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ron amadeo


Android 9 Pie will soon offer a way to see which apps have notifications blocked

Every year, a new version of Android is released, and every year, lots of improvements are made. That's a given, but sometimes useful features fall by the wayside as well. In Android 8.0 Oreo, you can easily see a list of the apps for which you have blocked notifications. In Android 9 Pie, that list has vanished.

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Ars Technica's Ron Amadeo shows off Fuchsia OS running on a Pixelbook

Fuchsia OS, Google's operating system that's neither Android nor Chrome OS, is gradually becoming more and more functional. The open-source OS which Google really doesn't want to talk about has recently added support for the Pixelbook as a test device, and now AP alumnus and Ars Technica editor Ron Amadeo has managed to get it working on one.

Work on Fuchsia first began in the first half of 2016 and has progressed at a steady pace. We had a first glimpse of the OS in action a few months back, and while it was still very rough around the edges, it was enough to get a general feel of the new 'Armadillo' UI.

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Wrecked: This video "re-review" of Google Home is the saddest, funniest thing you'll see today

Google Home isn't a bad product (well, I don't think it is), but it's also far from a perfect one, thanks in large part to the fragmented state of Google's Assistant. While I could go into a breakdown of just why Google Home's version of the Assistant is inferior in some regards to the one on your smartphone, sometimes a 30-second video really can encapsulate the frustration of being an early adopter of technology.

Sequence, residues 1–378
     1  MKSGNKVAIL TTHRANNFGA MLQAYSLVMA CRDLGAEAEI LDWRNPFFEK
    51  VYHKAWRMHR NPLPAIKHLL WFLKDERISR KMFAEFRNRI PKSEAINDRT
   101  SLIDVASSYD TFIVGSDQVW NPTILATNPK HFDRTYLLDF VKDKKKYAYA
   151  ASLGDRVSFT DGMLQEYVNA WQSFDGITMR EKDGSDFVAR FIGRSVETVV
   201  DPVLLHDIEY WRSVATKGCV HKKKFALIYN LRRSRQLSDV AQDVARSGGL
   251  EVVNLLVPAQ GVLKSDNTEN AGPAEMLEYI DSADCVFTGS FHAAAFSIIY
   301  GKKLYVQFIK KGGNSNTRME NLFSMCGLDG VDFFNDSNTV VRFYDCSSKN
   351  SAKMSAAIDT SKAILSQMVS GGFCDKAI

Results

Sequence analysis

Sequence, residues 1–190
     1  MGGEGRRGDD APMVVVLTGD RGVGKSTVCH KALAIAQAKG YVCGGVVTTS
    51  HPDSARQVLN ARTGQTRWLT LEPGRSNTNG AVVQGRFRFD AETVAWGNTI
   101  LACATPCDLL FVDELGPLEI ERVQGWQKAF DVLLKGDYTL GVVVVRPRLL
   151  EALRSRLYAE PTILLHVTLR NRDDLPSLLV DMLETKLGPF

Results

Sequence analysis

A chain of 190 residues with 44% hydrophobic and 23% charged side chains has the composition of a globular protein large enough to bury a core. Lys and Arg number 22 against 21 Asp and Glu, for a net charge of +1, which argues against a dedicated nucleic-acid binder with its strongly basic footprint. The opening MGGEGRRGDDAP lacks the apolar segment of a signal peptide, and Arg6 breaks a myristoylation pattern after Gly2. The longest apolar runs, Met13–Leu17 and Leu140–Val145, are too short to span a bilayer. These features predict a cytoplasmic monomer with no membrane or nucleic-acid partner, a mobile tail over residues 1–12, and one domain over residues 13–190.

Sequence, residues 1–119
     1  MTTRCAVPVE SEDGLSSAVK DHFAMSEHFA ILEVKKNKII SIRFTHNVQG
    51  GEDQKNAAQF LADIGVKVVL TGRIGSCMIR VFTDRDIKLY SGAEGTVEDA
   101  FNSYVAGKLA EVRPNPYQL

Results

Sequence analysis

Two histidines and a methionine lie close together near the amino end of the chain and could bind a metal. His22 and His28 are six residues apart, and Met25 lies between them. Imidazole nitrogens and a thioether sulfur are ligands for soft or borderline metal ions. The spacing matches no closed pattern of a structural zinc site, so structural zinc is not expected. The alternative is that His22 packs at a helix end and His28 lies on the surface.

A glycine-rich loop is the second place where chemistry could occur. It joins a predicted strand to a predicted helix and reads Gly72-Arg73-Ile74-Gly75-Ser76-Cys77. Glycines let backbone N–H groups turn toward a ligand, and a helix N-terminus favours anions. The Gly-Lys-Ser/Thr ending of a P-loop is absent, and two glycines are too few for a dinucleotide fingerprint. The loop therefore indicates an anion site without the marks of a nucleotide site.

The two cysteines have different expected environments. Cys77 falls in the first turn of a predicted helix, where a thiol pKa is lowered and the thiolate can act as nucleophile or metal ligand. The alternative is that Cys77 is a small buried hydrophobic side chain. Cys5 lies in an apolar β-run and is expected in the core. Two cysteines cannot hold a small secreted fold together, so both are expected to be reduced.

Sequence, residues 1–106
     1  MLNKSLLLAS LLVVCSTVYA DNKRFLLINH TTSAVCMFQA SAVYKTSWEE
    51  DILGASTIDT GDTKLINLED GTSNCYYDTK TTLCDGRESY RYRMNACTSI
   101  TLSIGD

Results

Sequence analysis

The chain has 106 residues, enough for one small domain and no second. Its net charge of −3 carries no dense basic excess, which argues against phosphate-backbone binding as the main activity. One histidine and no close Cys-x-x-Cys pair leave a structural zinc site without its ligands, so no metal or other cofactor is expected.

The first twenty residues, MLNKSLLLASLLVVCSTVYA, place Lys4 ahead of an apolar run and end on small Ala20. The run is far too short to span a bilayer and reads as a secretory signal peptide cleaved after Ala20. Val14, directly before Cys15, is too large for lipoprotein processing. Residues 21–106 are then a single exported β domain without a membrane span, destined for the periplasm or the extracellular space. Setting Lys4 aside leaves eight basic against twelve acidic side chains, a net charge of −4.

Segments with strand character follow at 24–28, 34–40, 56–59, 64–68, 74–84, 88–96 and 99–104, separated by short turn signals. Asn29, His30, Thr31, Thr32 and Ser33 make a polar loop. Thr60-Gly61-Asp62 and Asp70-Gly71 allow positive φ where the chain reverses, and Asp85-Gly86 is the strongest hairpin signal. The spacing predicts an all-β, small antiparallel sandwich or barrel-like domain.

I'll let Android Police alumnus Ron Amadeo take it away.

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[Android 5.0 Lollipop Feature Spotlight] Carriers Can Now Have Google Play Install Their Crapware Automatically, Which Is Good Maybe

Carrier bloatware apps are quite an issue in the US, where many smartphones ship with almost as much useless junk as they do genuinely necessary applications. This junk is lovingly called "crapware," "bloatware," or "shit" interchangeably by those in the smartphone community. Because it is. This disdain largely stems from the fact that many bloatware apps can't be fully uninstalled, only disabled (some can't even manage to do that).

In Android 5.0, Google is hoping to give everyone another option: don't be so awful about it. In Lollipop, carriers can have a list of applications downloaded to a device automatically on first boot through the Play Store, meaning those apps are installed on the data partition, not the system one.

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